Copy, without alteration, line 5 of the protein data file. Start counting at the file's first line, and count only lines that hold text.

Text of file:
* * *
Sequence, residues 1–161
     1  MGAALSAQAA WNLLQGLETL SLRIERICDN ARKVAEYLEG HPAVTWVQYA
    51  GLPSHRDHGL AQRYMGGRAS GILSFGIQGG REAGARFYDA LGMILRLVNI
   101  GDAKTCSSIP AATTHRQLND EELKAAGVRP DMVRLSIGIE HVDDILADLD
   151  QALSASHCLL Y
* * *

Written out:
   151  QALSASHCLL Y